Mariners outright Jimenez, set 30-man travel roster

Lots going on in Peoria this morning with the team and its traveling party gathering for the 13-hour flight to Tokyo at 1 p.m. today.  The Mariners set their 30-player squad that will travel to Japan on the week-long trip, which concludes with two regular-season opening games against the A’s next Wednesday and Thursday.

Left-handed reliever Cesar Jimenez was outrighted to Triple-A Tacoma to clear a spot on the 40-man roster as the Mariners need to open space for several non-roster invitees. The roster now is at 37 players.

Jimenez, 27, has been in the Mariners organization since 2001 and played with the big league club in 2006, 2008 and 2011, going 1-0 with a 5.40 ERA in eight games last year as a September callup.

Here’s the 30-man travel squad, which doesn’t include starting pitcher Kevin Millwood, as he’ll stay behind in Arizona since he wasn’t going to be used in either of the two exhibition or two regular-season contests:

Starting pitchers: Blake Beavan, Felix Hernandez, Hector Noesi, Jason Vargas.

Relievers: Steve Delabar, Charlie Furbush, Hisashi Iwakuma, Shawn Kelley, Brandon League, Lucas Luetge, Erasmo Ramirez, Chance Ruffin, George Sherrill, Tom Wilhelmsen.

Catchers: John Jaso, Jesus Montero, Miguel Olivo, Guillermo Quiroz.

Infielders: Dustin Ackley, Chone Figgins, Munenori Kawasaki, Alex Liddi, Brendan Ryan, Kyle Seager, Justin Smoak.

Outfielders: Mike Carp, Carlos Peguero, Michael Saunders, Ichiro Suzuki, Casper Wells.

Not traveling with the team are catchers Jesus Sucre and Adam Moore, infielders Vinnie Catricala and Luis Rodriguez, and outfielders Franklin Gutierrez and Mike Wilson. Moore and Gutierrez are both rehabilitating from injuries.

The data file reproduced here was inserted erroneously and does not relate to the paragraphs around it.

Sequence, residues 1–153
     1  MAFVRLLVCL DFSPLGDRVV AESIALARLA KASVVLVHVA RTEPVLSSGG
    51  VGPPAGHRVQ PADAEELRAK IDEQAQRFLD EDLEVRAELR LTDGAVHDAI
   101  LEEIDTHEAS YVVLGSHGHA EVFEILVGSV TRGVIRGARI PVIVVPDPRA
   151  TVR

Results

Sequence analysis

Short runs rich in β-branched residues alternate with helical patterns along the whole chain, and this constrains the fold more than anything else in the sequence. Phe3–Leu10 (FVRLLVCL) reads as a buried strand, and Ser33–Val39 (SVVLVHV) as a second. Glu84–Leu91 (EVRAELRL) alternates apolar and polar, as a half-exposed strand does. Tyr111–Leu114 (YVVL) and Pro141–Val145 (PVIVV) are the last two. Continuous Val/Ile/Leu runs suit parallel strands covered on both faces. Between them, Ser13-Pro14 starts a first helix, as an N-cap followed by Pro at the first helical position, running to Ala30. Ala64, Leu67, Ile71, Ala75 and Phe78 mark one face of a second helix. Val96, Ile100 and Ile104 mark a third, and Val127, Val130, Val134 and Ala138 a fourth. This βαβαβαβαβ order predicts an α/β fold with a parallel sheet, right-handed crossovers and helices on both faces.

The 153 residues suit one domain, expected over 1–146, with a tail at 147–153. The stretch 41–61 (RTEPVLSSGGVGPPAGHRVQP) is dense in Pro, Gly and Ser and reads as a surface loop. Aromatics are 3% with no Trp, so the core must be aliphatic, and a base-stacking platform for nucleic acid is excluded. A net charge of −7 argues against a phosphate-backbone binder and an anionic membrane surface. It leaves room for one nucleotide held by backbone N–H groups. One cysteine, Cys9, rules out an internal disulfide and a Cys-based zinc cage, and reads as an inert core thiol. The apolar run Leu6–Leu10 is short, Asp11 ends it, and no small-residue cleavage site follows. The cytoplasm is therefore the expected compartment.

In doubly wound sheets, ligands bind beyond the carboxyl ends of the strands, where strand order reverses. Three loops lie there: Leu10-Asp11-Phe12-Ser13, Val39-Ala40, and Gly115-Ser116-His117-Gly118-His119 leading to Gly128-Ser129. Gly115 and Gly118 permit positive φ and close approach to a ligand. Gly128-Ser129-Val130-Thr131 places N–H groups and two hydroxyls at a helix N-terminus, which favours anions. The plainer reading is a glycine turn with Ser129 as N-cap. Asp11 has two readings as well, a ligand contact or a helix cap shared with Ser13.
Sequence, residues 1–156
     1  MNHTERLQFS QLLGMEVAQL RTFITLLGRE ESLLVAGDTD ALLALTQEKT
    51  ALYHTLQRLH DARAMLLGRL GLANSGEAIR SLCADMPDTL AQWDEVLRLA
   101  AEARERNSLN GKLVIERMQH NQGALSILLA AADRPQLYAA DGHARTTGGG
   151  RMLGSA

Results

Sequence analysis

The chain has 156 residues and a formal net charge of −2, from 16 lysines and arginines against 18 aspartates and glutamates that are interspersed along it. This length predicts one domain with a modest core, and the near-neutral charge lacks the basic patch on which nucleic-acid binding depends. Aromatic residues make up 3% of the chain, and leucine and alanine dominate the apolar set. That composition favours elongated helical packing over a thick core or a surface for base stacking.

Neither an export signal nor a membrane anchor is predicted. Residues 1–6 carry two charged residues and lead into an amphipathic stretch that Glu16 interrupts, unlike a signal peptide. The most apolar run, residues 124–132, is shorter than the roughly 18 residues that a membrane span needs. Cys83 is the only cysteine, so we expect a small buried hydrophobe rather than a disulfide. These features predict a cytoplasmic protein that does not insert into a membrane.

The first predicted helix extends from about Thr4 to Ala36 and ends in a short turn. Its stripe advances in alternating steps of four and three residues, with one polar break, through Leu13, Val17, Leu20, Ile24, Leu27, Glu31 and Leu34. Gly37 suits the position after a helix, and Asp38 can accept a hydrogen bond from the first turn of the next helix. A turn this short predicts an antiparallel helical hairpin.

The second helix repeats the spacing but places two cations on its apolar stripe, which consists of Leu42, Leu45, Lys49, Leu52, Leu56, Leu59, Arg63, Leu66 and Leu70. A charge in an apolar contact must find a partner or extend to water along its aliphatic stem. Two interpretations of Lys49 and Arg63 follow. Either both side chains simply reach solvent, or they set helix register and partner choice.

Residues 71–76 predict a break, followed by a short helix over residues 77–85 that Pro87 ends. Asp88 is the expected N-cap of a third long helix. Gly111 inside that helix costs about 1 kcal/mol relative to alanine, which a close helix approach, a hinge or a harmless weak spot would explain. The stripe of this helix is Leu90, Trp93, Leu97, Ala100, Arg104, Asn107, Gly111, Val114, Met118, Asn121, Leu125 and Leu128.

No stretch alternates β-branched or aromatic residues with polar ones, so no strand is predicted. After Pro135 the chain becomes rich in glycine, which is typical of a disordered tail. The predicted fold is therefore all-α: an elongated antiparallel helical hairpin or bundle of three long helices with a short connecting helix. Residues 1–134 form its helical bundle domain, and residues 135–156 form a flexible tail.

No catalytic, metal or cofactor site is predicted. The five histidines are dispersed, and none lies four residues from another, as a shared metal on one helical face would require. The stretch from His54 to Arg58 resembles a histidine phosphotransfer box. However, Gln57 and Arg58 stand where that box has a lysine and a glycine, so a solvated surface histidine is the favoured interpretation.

The MLB roster rules for the trip are a little complicated, but both the Mariners and A’s can take 30 players. All 30 are available for the two exhibition games against the Hanshin Tigers and Yomiuri Giants on Saturday and Sunday, but each team then must set an active roster of 28 by Wednesday at 1 p.m. in Japan on Opening Day, then designated 25 of those players to be eligible to actually play in the two-game series.

That active roster must include all players that teams expect to open the rest of the season with, so Mariners pitcher Kevin Millwood — who didn’t make the trip since he won’t be pitching — must be included in the 28. Thus three players who are in Japan will be optioned or re-assigned to the Minors on the morning of the opener and two more will be designated as ineligible to play in the two games with the A’s.

Once the club returns to Arizona, it will be back to a 28-man roster and will need to make three more moves before regular-season play resumes April 6 in Oakland. Other players already assigned to the Minors will be able to join the team to play in the five remaining Cactus League contests, as is always the case in spring.

1 Comment

Somewhere along the way your math doesn’t work out and I want to clarify for me to understand better. There are 30 guys in Japan, but you are saying Millwood is included in the roster decisions, so it’s like he makes 31, but he won’t be eligible to play there. For instance, if he has to be a part of the 25 man roster against the Athletics, then it’s like they are playing 24 with Millwood taking up a roster spot, but not actually playing. If it’s like that then 6 guys will be watching the games from the stands (ex: Quiroz, Liddi, Peguero, Ramirez, Furbush, Ruffin). “…and two more will be designated as ineligible to play in the two games with the A’s”, it would seem that three would be designated as ineligible for the games with the A’s, as Millwood would be one of the 28, since he has to stay on the 25-man roster when the season resumes in Oakland. If he counts towards the 28, then there’s 31-28 = 3 who would be designated. Please clarify if Millwood would not be involved at all until the season resumes, and if it’s like that, then why even mention him in the context ofthe rosters in Japan. Please make that part more clear for us readers. Even the baseball blogs are having a hard time interpreting your information.

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